$1.8M property bill for airport expansion

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Plans for the City’s Airport Expansion Extending the runway to 5,000 feet, creating a parallel taxi-way, and relocation of the hangars and fueling system

By Nick Nunn, Staff Writer

During an Aug. 30 work session, the Madison City Council discussed future expansion plans for the Madison Municipal Airport, which would include extending the runway to 5,000 feet, creating a parallel taxi-way, and relocation of the hangars and fueling system. According to City Manager David Nunn, the total cost of acquiring the property for these expansions will be approximately $1.8 million and will come from federal funding through the state and local governments.

The City of Madison has informed the state of its intention to utilize aviation funding. Nunn stated that aviation funding is “its own pool,” meaning that aviation funding is generated solely by aviation-related sources.

Despite the letter of intent to use the funding, Nunn stated that the rate of progress cannot be calculated at this time.

“It’s hard to guess how quickly it will move along,” said Nunn. “Airport work just takes time.”

Council Member Joe DiLetto expressed his interest in seeing progress being made at the airport, while noting that the facilities currently in place are being utilized well.

“It’s a well-run airport,” said DiLetto. “They do a good job out there.”

DiLetto also asked Nunn whether it would be possible to create a revenue stream at the airport by building T-hangars at the airport and then leasing them out to private users.

“That’s certainly an option,” replied Nunn. “I think it could service the debt of the hangars.”

Karen Guinn presented the finance officer’s report to the Council. Guinn stated that the finance department is still in the process of closing out last year’s books and will have that project done by mid-Sept., at which point an audit will be done on the data.

Guinn said that Madison’s general fund is going to “break even” for the past fiscal year, and that the city hopes to be able to complete their refinancing of Town Park by Oct.

The balance on Town Park now stands at approximately $1.06 million, according to Guinn. SPLOST funds will pay up to $1 million of that debt and the city will have to pay the remaining estimated $60,000.

Council Member Michael Naples addressed the problem of Madison’s pedestrian walkways during the meeting, saying that a number of people have approached him and asked why more hasn’t been done to make them safer.

Nunn acknowledged that the Madison hasn’t “done a frontal assault in a while” but plans to make it a top priority again.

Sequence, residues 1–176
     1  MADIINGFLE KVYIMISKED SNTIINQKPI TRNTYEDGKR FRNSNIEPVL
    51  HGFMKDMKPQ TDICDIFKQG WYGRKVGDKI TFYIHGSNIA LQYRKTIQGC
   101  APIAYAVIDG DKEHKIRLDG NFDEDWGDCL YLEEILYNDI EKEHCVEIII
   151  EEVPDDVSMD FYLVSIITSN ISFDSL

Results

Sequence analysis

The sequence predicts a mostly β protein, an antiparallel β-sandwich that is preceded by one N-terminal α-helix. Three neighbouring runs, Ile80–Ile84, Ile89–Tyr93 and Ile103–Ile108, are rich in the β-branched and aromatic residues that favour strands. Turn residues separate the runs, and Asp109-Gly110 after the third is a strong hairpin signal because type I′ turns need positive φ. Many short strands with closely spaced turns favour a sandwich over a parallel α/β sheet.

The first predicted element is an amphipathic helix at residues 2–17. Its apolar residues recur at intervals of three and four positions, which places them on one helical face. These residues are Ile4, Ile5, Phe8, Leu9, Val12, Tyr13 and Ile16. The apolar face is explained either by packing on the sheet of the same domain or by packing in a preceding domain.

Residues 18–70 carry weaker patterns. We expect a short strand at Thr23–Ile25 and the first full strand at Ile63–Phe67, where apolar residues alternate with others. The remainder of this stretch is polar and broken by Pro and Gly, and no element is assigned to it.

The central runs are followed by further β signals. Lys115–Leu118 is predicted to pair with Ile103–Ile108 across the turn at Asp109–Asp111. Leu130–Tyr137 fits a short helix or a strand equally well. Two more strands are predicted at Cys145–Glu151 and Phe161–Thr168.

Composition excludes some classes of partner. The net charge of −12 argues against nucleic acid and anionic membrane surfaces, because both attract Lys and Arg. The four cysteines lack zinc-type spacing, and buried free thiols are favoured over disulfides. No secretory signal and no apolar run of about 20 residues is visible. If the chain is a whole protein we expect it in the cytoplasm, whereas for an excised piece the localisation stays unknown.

DiLetto stated that he thinks that non-locals are the cause of most of the issues, because they simply aren’t accustomed to driving through Madison and don’t know where the crosswalks are.

Mayor Bruce Gilbert stated that Georgia drivers in general don’t understand that it is the law to stop for pedestrians in the crosswalk.

“People in Georgia do not realize they have to stop,” said Gilbert. “It’s going to take a while.”

Nunn stated that DOT approval is necessary for crosswalk enhancements, but stated that the district and area offices “haven’t been as forthcoming” when it comes to agreeing to crosswalk improvements.

Whitey Hunt asked Planning Director Monica Callahan about the Downtown District Authority’s (DDA) intention with the recent purchase of the building at 150 West Washington Street.

Callahan stated that the 16,000 square foot building is the DDA’s current downtown project, and that the DDA will work to “intercede and take away the negative” aspects of the building in order to make it more commercially viable.

The most prominent impediment that the building contains currently is the lack of parking.

Callahan also stated that the rent that the DDA receives from the tenants currently in the building “carries the mortgage” and that the project is “cash-positive at the present.”

Both the council and members of the staff discussed a number of rumors concerning the progress of the Stake and Shake’s construction and stated that, when citizens have concerns or questions about anything going on in the city, they should pick up the phone, call the city and get the answers straight from the source so unnecessary rumors can be avoided.

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